to apply for a parking permit, go to
and click Parking Permit

Some individuals make hundreds of requests per year, Grella said. In addition to overnight guests and construction, reasons residents have been using include “acorns that put dents in my car” and one request that was simply “made-up reason #149.”

“We need to improve the overnight parking request process,” said Grella. “We need to be reasonable with people who have legitimate parking problems that are not going to be solved with a restriction and an ordinance.”

The Commission discussed the issue at meetings in September and November, and is expected to pass a retooled ordinance early this year. One suggestion is to limit the number of times a resident can receive approvals to 20 per license plate. “That would cover the majority of people who have real issues,” Grella said.

Another possibility is the creation of overnight parking zones for residents who live more than a quarter of a mile from available overnight parking. Residents who live in the zones would be able to buy parking permits.

In addition to modifying the ordinance, Mt. Lebanon is also looking at ways to streamline enforcement. The municipality is set to equip police and parking enforcement vehicles with automated license plate recognition (ALPR) cameras, which would automatically scan the plates to determine whether a vehicle is parked legally. The change would eventually move the responsibility for overnight parking enforcement from patrol officers to parking enforcement personnel.

ALPRs can read 95 to 98 percent of all plates they encounter, in any kind of weather. The reader ties into the parking software system to confirm parking status and length of paid parking time remaining on the vehicle.

The police department was primed to purchase the cameras in March of 2020, but the COVID-19 pandemic put that purchase and several others on hold. Originally intended just for parking enforcement, the department looked at extending the use of ALPRs to patrol cars.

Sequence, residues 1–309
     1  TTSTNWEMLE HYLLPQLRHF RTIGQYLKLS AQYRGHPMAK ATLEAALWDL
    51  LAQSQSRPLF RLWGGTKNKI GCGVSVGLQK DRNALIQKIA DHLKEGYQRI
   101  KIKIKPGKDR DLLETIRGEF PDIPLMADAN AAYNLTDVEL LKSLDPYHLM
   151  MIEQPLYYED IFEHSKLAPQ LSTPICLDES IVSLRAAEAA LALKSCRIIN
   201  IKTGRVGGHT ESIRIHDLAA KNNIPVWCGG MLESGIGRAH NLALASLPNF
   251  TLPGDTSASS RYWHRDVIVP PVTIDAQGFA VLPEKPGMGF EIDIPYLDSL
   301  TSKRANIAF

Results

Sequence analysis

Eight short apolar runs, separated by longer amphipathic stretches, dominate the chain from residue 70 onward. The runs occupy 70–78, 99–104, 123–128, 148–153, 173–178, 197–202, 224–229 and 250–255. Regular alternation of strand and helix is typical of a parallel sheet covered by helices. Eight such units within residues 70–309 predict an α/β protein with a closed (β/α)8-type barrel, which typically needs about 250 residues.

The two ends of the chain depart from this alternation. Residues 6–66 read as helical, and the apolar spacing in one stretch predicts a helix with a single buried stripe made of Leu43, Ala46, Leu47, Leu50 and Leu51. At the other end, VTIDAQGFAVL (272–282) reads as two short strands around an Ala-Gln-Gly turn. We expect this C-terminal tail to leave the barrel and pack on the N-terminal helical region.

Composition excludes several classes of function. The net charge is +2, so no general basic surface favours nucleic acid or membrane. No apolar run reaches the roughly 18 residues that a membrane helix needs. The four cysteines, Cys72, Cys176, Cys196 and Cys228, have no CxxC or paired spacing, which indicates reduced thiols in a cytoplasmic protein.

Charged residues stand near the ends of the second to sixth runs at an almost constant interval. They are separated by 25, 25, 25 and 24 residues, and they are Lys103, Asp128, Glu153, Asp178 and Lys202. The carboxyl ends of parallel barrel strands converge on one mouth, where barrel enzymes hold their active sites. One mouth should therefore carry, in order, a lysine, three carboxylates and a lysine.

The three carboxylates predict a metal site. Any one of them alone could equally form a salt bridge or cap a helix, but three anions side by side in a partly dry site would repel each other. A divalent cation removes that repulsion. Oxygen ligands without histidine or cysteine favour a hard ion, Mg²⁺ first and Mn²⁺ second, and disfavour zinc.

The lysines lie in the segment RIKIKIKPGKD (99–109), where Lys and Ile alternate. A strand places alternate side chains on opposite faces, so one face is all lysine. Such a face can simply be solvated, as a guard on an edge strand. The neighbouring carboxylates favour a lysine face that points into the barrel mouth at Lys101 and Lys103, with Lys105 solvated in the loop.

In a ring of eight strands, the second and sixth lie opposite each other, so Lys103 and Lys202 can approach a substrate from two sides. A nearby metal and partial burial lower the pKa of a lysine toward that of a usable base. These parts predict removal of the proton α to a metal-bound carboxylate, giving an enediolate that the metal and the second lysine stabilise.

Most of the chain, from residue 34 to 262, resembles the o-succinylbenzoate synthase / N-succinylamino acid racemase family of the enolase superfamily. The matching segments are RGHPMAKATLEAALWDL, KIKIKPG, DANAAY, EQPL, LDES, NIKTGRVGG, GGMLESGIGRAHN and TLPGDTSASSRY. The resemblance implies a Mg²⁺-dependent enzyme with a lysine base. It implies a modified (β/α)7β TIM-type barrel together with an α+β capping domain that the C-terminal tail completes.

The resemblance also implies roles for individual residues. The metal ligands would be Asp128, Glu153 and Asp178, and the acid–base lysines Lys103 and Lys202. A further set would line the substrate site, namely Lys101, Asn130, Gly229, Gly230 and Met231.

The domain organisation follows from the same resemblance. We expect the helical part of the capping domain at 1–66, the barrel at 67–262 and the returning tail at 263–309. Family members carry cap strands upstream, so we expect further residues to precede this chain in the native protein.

“With the real-time things we need to do, looking for wanted people, stolen license plates, Amber Alerts, the amount of retrievable data LPR contains is of high value,” said Deputy Police Chief Jason Haberman.

The department already has several stationary ALPRs installed in high-volume intersections and other spots around town, and they have been instrumental in aiding investigations. The addition of mobile ALPRs will increase their effectiveness by allowing camera-equipped cars to tie into the stationary camera feed.

“We needed a platform with a bunch of data that our investigators could go out and look at without having to dig through multiple systems,” said Haberman. “The mobile LPR would allow us to fill that gap.

“The LPR is a force multiplier,” said Lauth. “If you have a system in place that will alert the officer if there is a need for enforcement, you have an officer who is more engaged in driving around, interacting with the community, as opposed to looking for overnight parking violations, and they can concentrate more on the community-based activities they’re doing and less on data gathering.”

Photos By Ken Lager